Two weeks before the competition
– Keep fat intake to a minimum.
– Increase carbohydrate intake in the morning. Good sources of carbohydrates are: brown rice, whole grains, vegetables and pasta.
– Increase protein intake in the evenings. Good natural sources of protein are: fish, white meat chicken, egg whites.
– Drink tons of water. Water helps body sales dissolve fat faster than anything else. Along with that, water keeps you hydrated and energized.
– Avoid salt. Salt contains sodium, and sodium keeps water in the body. Which makes you feel heavy and makes your face look puffy.
– Take lots of vitamins. Made through natural sources: organic fruits and vegetables.

Right before the competition
– Make sure you eat something small. Dancing on a full stomach is almost as bad as dancing on an empty stomach. If you don’t eat anything, you run the risk of not having energy on the dance floor when you need it most. An energy bar or cereal bar will do.
– Drink a glass of water. You don’t want your stomach to be too full or dehydrated on the dance floor. Dehydration can be very dangerous and can lead to muscle cramps or even fainting.
– Light dinner before 20:00 the night before, lie down for 7 hours, sleeping more will make you feel sleepy in the morning. An energetic breakfast, a protein bar, a glass of water + some coffee can boost your energy before the competition. Avoid eating too much in the morning right before a competition.

Stretching and Warm-up
A good warm-up and stretching is very important before entering the dance floor. Try not to overload your body and keep your energy for the dance floor. Practicing intensively the night before your competition is not recommended. You can insult yourself or burn out. It is recommended that you try to relax and emotionally prepare yourself for the important day.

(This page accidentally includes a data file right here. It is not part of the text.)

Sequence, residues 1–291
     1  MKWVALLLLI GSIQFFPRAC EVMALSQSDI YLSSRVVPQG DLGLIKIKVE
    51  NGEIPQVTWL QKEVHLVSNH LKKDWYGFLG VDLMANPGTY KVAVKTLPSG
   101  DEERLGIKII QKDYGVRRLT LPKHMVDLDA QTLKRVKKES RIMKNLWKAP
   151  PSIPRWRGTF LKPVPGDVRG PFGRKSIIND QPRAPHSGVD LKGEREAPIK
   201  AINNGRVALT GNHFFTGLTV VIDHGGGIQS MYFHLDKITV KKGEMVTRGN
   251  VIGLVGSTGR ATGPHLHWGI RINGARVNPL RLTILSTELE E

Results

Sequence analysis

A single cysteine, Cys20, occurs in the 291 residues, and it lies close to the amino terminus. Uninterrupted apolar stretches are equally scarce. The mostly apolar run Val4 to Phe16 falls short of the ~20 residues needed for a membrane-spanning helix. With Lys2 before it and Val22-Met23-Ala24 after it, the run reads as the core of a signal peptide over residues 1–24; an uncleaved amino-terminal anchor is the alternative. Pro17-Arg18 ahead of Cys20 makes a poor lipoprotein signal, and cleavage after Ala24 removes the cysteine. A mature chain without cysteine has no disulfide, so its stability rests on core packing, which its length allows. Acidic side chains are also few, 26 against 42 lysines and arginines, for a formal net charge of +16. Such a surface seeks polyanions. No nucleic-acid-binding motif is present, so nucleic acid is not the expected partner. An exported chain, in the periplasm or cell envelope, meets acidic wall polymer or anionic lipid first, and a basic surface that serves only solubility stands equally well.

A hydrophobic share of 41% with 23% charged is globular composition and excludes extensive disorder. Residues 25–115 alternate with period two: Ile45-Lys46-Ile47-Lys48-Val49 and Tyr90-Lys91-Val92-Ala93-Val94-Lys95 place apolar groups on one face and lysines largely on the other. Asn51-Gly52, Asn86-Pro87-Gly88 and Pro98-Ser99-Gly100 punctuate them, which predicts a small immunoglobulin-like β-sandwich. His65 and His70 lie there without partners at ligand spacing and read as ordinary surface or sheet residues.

learn to move on

Every ballroom professional knows how important it is to always move in a dance routine. Even if you make a mistake, waste time, miss steps, get in the way of another couple or fall, keep going and keep dancing like nothing happened. It can even help you hide some small mistakes and make them unnoticeable for both the judges and the audience.

Don’t let one mistake affect the rest of your dance performance. Learning to keep your focus on your next dance steps and routine can put you one step ahead of your competition.

Many amateur dancers tend to believe that a mistake they made would put a negative mark on the rest of their performance, which is not necessarily the case.